Quick! List all your favorite sci-fi authors–ready? Okay, I’ll go first: Octavia E. Butler, Sheri S. Tepper, Kurt Vonnegut, Ursula K. Le Guin, and… Madeline L’Engle.
Wait a minute, you might be thinking. On the most recent of my many, lingering visits to the General Books department, I noticed you’ve got Vonnegut shelved in the Fiction section, Tepper, Butler and Le Guin safely stowed away in Sci-Fi, but L’Engle is firmly ensconced in YA Fiction. What gives?
Good question! Much genre literature (sci-fi, mystery, fantasy, romance, etc.) can vary in its definition, depending on who decides which authors make the final cut. Young adult fiction, for example, is a constantly evolving section; the cut-off between YA and teen is more or less permeable (though prevailing trends seem to have called teen for the vampire romances at the moment).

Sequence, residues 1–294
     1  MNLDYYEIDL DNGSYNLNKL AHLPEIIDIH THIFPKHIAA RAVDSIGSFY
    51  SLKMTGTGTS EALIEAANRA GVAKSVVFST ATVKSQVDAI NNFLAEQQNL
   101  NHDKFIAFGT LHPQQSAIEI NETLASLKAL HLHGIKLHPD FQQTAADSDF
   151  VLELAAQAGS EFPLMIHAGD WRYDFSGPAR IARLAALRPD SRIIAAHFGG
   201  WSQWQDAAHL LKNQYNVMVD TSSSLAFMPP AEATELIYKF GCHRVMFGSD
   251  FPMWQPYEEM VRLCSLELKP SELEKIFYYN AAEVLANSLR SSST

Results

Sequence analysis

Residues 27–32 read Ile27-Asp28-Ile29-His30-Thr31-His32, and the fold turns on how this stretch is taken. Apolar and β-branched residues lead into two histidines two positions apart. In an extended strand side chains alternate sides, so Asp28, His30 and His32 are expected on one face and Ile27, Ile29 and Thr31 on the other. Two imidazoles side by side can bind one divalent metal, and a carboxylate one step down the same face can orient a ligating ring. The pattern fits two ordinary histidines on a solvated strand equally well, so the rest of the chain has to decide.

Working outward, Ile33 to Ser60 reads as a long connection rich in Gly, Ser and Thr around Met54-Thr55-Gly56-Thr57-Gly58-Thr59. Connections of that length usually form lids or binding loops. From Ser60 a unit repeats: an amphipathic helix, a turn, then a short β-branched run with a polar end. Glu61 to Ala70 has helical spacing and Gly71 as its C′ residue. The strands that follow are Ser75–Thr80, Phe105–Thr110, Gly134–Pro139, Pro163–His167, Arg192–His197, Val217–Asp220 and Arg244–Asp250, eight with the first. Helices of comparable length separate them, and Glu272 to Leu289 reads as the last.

Madeline L’Engle, a prolific author who passed away in 2007, is best known as a writer for young people, but her genre-spanning works can be enjoyed by readers of all ages. We’re currently celebrating the 50th anniversary of the first publication of one of her best-known books, A Wrinkle in Time. This book, the first in her Time Quintet, introduces the Murry family, featuring smart, awkward, brave Meg Murry and her psychically gifted younger brother Charles Wallace. Though the story takes the structure of a children’s adventure, for me it’s the unusual sci-fi details that really set it apart, and which have made it such an enduring classic. I can’t hear the word ‘tesseract’ without thinking of an ant crawling across a piece of string. This book has it all–aliens! telepathy! time and space travel! And even better, it has the foundation of excellent character development to keep the reader coming back for the whole series.
So for any science fiction fans out there who never take the time to check out our young adult titles… Fifty years later, you’re still not too late! (You might have Mrs. Whatsit to thank for that.)